Friday, August 21, 2015

Seed to Table Series-Leek

Welcome to our Summer Series,
Seed to Table.
Every Friday, we'll explore a different crop
that you can grow in your own garden.
Whether you're in mid-harvest, already looking ahead to your fall garden,
 or just thinking about growing your own,
we hope this series inspires you.
We'll begin with planting from seed or seedling,
and end up with a scratch recipe. 



Leeks are a lovely addition to any food garden.
A member of the onion family,
they are much milder than table onions or scallions,
and add a delicate flavor to most dishes.

Leeks are easy to sow from seed.
They require a long growing period,
(anywhere from 70 to 120 days
depending on the variety),
so starting seeds indoors in most areas of the country is recommended.

Once they get going,
there's no stopping them.
They can be transplanted in the ground
or into outdoor pots as soon as temperatures warm up.

The plants are usually spaced about 6 inches apart,
but at Faye and Lynn's container farm,
they are grown three to the pot
with much sucess.
The benefit with growing in pots
is that the leek can be "hilled" a couple of times,
thus creating the much desired white portion of the stalk.
Once harvested, most of the plant can be used.
If I'm not using it right away,
I chop it up and place it in the freezer,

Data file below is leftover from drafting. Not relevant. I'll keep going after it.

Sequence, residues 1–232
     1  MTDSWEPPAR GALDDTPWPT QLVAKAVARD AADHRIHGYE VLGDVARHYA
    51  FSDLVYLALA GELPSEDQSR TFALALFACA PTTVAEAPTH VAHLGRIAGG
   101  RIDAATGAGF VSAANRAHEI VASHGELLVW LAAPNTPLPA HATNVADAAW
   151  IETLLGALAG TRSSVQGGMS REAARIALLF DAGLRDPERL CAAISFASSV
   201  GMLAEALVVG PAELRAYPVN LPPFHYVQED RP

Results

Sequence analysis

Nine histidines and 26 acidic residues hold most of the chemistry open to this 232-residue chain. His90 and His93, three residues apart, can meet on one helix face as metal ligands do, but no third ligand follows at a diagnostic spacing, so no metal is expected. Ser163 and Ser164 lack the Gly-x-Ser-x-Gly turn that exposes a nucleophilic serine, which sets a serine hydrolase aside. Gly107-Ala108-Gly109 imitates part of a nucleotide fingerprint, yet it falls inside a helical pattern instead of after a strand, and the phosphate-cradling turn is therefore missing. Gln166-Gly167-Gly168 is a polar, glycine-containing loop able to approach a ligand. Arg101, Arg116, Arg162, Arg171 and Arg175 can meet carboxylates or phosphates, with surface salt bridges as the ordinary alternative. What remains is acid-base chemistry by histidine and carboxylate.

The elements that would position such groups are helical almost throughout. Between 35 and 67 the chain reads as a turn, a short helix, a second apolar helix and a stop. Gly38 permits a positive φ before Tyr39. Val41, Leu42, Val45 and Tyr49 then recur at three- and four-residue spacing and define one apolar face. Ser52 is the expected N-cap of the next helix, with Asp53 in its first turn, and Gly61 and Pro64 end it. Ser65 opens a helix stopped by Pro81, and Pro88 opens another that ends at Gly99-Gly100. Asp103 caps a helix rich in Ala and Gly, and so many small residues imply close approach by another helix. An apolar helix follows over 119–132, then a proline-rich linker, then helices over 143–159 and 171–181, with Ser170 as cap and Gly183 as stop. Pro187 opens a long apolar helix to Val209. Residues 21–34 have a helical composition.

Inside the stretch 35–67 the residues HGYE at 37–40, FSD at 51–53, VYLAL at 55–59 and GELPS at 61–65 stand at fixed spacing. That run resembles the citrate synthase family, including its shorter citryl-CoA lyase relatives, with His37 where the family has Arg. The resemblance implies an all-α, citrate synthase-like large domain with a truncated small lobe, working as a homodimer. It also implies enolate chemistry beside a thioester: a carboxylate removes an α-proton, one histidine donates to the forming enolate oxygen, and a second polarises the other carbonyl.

where they'll keep for months.
Just be sure to thoroughly rinse the stalks in water,
as soil or sand can become lodged between the layers.


 Leeks can be grown almost year-round.
They prefer the cooler temperatures,
but will do just fine into early spring
and right through the winter.
The advantage with growing during these times
is that there are less pests to worry about.
In fact, leeks have very few pest problems.


 Although they take their time growing,
you'll be rewarded with the most tender
and succulent gift from your garden.
After all, some things are worth the


Magic Mineral Broth (modified)
 4 unpeeled carrots, cut in large chunks
2 unpeeled potatoes, cut in large chunks
1/2 C leeks, greens & whites, sliced
2 big cloves garlic, peeled but left whole
1/2 C parsley
2 t salt
1 bay leaf

Place ingredients in large stock pot and fill halfway with water.
Bring to the boil, then turn down to a simmer
and cook for at least two hours.
Strain over sieve or cheesecloth.

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